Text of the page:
Children’s playground ride banned 30 years ago for being too dangerous is set for a comeback

Children’s playground ride banned 30 years ago for being too dangerous is set for a comeback

It's a scene which has long been consigned to the pages of history by overzealous health and safety officials. The witch's hat – one of Britain's best

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It’s a scene which has long been consigned to the pages of history by overzealous health and safety officials.

The witch’s hat – one of Britain’s best-loved rides – disappeared from playgrounds 30 years ago over concerns it was too dangerous for children.

But now it is set for a comeback – in the place it was invented almost 100 years ago and from where the last example disappeared in the mid-1980s.

The witch's hat ¿ one of Britain's best-loved rides ¿ disappeared from playgrounds 30 years ago over concerns it was too dangerous for children

The witch's hat ¿ one of Britain's best-loved rides ¿ disappeared from playgrounds 30 years ago over concerns it was too dangerous for children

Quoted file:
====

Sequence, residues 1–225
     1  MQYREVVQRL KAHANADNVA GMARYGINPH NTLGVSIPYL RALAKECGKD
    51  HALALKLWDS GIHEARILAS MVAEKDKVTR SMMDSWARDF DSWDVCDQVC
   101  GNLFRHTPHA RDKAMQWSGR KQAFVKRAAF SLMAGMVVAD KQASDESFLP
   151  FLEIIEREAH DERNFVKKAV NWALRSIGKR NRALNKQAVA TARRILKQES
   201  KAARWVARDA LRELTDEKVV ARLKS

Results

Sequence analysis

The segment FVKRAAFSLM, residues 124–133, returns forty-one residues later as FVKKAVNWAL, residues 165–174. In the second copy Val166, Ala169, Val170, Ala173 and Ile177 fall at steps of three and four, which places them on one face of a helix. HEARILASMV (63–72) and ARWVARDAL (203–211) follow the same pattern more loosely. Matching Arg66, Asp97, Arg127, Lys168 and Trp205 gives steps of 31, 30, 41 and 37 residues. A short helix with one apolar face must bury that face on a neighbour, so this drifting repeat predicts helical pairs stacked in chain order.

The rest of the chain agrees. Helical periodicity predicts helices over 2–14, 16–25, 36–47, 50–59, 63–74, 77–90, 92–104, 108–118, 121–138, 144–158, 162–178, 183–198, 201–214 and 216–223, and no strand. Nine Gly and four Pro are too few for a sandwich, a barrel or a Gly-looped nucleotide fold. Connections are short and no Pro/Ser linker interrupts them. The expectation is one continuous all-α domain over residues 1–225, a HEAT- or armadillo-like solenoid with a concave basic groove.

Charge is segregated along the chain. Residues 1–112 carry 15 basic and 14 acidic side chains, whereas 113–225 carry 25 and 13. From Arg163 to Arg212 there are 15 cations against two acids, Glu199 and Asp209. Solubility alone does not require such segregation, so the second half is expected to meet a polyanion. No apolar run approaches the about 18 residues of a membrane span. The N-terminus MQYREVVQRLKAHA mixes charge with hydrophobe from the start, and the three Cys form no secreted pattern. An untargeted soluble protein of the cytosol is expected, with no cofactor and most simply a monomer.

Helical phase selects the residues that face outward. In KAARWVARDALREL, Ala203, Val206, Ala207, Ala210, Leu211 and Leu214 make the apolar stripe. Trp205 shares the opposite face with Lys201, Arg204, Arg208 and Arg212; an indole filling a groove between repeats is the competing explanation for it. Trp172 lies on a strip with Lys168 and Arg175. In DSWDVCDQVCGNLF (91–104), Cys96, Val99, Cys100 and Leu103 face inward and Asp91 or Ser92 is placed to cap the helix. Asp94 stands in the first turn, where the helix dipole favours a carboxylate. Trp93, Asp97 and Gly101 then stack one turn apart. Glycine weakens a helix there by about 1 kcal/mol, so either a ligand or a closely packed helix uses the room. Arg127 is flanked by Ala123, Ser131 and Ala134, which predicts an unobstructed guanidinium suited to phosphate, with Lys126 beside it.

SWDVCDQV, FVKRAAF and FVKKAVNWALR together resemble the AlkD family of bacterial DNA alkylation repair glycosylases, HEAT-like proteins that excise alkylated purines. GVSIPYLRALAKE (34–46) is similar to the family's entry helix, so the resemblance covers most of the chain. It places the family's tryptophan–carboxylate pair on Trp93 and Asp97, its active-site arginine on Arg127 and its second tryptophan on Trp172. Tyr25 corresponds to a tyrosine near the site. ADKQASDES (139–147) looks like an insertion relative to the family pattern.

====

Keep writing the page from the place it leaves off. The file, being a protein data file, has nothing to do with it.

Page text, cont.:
The witch’s hat – one of Britain’s best-loved rides – disappeared from playgrounds 30 years ago over concerns it was too dangerous for children

But now it is set for a comeback ¿ in the place it was invented almost 100 years ago and from where the last example disappeared in the mid-1980s

But now it is set for a comeback ¿ in the place it was invented almost 100 years ago and from where the last example disappeared in the mid-1980s

But now it is set for a comeback – in the place it was invented almost 100 years ago and from where the last example disappeared in the mid-1980s

A modified version of the ride – which is correctly known as the ocean wave – has been installed at Wicksteed Park in Kettering, Northamptonshire.

The conical swing is balanced on a central pole which wobbles unpredictably. But whereas the original rides ‘had a high risk of inflicting lethal injury’ – according to a 2011 report by the Children’s Play Advisory Service – the new version has a mechanism which keeps the ride spinning but prevents crushing into the pole.

And in case a child should take a tumble, soft flooring has been placed beneath the ride to cushion their fall.

Oliver Wicksteed, the great grandson of the ride’s inventor Charles and chairman of the trust which runs the amusement park, said: ‘The witch’s hat disappeared from the playgrounds of Britain more than a generation ago but is remembered fondly by so many.

‘Bringing it back is about giving children the chance to enjoy good old-fashioned thrills and spills.’

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